Main Street, back street, home-based business owners, freelancers, mompreneurs, Etsy artisans - all should hail the decision by the Federal Communications Commission to regulate Internet providers as utilities and fight to keep the newly published rules intact. No sooner were the rules published than three lawsuits were filed by the big broadband companies and a bill introduced to block the rules from taking effect on June 12.
The big deal is that all customers, all websites must be treated the same. No blocking or slowing Internet of speeds. No selling faster access to those who can afford it. Our smallest businesses depend on net neutrality.
Faster access and thus equal access to the Internet means everything. That means they can compete with the larger businesses. Let's say you need to buy a gift. You google "unique women's earrings." Up pops an Etsy store and Macy's. You click on the Etsy store, but the page takes a while to load, so you click on Macy's and it loads right up because Macy's paid for faster speeds. The Etsy store didn't even have a chance to compete with Macy's and loses a client. The recent FCC ruling makes sure that is not going to happen.
The FCC ruling is crucial to the entrepreneurial climate of this country. Eighty-eight percent of the country's businesses have less than five employees, that's 26 million businesses. And 70% of those businesses are independent workers.
Firms are starting smaller and staying smaller and more people choose to be their own boss. The average size of new start-ups went from 7.6 employees in the 1990's down to 4.7 employees in 2011, according to the Bureau of Labor Statistics. The State of Independence Reports by Emergent Research find that self-employment is a strong and significant labor market trend. The number of independent workers grew from 15.9 million in 2011 to 17.9 million in 2014; with another 12 million who are 'side-giggers' or using self-employment to supplement their income.
Collectively, these microbusinesses are a significant part of our economy, making up one-third of GDP and accounting for two-thirds of employment. Supporting and strengthening them creates a strong and diversified infrastructure of many small, locally-owned businesses that will be the centerpiece for the new economy.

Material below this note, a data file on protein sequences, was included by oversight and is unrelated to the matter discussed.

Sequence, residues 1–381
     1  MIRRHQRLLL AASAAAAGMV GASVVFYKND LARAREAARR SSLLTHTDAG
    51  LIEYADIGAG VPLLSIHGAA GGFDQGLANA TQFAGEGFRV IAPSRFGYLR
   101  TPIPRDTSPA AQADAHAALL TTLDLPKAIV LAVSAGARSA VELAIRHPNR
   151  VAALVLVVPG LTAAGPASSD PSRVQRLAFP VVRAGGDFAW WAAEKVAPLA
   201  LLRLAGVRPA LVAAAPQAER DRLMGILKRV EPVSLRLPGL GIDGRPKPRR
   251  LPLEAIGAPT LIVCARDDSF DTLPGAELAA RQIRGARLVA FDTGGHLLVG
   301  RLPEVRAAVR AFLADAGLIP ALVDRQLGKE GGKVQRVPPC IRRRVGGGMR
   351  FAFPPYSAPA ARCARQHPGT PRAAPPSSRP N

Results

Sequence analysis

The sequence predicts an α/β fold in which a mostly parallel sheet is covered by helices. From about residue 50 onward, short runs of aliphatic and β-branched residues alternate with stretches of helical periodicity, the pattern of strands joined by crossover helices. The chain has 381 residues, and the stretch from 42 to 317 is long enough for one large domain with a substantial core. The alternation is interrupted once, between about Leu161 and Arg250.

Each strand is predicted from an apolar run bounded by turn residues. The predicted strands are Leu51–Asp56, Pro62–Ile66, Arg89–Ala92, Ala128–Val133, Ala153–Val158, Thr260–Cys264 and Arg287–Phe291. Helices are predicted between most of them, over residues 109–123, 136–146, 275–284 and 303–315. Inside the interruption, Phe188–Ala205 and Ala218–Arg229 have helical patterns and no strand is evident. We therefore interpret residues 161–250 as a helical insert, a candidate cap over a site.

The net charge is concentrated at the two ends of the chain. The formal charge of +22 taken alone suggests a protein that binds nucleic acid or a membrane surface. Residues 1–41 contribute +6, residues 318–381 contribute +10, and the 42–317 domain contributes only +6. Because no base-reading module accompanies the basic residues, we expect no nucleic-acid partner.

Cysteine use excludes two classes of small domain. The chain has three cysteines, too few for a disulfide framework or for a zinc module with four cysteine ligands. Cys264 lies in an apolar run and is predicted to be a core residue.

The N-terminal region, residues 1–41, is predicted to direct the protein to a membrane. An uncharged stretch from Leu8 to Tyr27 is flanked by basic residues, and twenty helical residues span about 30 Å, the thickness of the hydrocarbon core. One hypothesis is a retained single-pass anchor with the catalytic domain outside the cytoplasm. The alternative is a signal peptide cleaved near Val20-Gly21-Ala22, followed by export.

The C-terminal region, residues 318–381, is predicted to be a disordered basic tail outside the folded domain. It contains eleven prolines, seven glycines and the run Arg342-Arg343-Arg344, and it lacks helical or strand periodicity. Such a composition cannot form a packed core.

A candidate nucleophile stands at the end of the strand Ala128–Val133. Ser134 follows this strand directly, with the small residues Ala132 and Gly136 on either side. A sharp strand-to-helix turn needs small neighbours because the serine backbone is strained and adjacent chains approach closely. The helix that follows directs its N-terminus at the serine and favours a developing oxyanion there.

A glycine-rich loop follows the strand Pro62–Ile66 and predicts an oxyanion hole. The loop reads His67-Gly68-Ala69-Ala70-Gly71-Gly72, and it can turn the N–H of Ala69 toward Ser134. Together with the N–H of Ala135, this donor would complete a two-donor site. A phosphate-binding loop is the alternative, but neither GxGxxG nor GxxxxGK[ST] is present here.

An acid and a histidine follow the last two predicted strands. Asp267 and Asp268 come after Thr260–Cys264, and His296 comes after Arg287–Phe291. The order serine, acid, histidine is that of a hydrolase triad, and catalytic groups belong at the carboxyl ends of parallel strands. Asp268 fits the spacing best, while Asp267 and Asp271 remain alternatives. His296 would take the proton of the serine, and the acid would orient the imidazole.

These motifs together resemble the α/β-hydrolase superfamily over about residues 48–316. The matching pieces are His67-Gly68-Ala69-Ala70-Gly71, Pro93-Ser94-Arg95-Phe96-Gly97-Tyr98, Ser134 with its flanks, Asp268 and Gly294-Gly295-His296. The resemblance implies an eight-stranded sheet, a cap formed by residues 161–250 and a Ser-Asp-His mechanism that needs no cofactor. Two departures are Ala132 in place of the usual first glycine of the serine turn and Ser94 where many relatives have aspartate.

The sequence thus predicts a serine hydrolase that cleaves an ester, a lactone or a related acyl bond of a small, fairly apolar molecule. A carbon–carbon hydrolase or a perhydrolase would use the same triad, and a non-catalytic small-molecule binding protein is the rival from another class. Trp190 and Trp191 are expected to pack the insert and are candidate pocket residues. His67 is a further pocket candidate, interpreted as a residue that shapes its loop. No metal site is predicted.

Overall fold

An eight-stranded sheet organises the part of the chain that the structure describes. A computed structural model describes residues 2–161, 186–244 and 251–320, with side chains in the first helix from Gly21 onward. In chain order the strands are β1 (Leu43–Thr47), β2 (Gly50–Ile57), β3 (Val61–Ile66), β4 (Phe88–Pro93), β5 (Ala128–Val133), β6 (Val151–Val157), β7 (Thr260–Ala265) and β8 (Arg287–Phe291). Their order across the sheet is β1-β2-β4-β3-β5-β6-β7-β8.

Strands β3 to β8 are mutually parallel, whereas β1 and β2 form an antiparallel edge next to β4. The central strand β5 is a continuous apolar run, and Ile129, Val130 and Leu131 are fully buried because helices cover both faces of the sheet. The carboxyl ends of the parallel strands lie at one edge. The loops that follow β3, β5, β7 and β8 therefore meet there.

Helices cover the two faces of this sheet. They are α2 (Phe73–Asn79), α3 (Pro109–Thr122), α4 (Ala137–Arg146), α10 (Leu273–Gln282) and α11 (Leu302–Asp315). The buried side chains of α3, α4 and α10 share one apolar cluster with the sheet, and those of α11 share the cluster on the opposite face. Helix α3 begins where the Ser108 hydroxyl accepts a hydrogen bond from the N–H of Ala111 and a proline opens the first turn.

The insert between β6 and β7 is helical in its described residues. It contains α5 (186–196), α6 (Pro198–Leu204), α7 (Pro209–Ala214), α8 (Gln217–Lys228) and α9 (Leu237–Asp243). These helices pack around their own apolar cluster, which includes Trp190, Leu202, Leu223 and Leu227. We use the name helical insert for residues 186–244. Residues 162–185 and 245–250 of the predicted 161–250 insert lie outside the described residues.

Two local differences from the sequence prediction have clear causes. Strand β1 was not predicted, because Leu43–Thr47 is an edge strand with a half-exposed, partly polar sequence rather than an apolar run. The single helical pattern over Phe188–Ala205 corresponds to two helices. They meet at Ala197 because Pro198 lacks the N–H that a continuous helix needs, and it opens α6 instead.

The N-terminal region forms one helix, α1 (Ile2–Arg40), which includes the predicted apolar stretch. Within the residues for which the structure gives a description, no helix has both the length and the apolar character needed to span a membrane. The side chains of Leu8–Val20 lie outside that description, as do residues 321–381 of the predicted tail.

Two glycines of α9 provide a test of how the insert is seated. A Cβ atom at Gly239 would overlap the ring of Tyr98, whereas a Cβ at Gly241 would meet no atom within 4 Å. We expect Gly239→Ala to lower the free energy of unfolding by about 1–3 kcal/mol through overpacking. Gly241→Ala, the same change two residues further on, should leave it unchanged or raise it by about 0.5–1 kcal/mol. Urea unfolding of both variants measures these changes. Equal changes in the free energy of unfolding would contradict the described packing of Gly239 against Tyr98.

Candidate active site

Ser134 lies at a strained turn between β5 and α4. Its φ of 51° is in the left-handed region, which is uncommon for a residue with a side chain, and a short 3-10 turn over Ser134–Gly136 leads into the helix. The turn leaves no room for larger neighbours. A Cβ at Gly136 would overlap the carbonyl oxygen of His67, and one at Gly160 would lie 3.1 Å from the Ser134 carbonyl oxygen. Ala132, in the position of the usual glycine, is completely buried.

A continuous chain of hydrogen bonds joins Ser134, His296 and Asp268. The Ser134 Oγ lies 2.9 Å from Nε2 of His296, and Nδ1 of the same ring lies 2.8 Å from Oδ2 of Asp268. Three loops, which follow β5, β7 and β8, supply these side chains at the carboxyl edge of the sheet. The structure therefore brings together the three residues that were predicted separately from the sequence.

We call this the D-I-Y economy, a parallel to the growing D-I-Y and maker movement. Instead of remodeling your home or building your own solar powered radio, the D-I-Y economy is "about driving economic development at the local level, with local leadership, guided by a more robust and sustainable vision."
A healthy D-I-Y Economy ecosystem has five components, the five 'C's that interact: Coaching/training, Capital, Connections, Culture, and Climate. When the pieces are in place, local economies can foster independents and microbusiness owners and create a sustainable, self-reliant, and thriving local economy.
The FCC's rules fall under 'Climate', as in a favorable regulatory climate for entrepreneurship. In this case, more rules mean more competition so that smaller players can play the same game as the big companies. AT&T, Comcast, Verizon and other Internet providers won't be permitted to slow services or apps, block content, or charge fees for faster access.
An equal access internet fosters the 'Connections' to markets. For better or worse, technology is a big driver of this trend toward independent work through platforms such as the aforementioned Etsy, TaskRabbit, Handy, Elance Odesk, Lyft, eBay, and others. The platforms provide small businesses with easy access to customers and clients. Additionally, some of the platforms connect their business owners with coaching and training opportunities as well as capital access opportunities.
If the battle was won, the war isn't over. Most lawmakers profess to support small business. If they are true supporters, then they should support 'net neutrality' and refrain from signing on to any legislation that threatens it. Else, they are paying lip service. The small business community needs to keep their legislators true to their professed values and call on them to support an open Internet. Else, small businesses will be at a competitive disadvantage.
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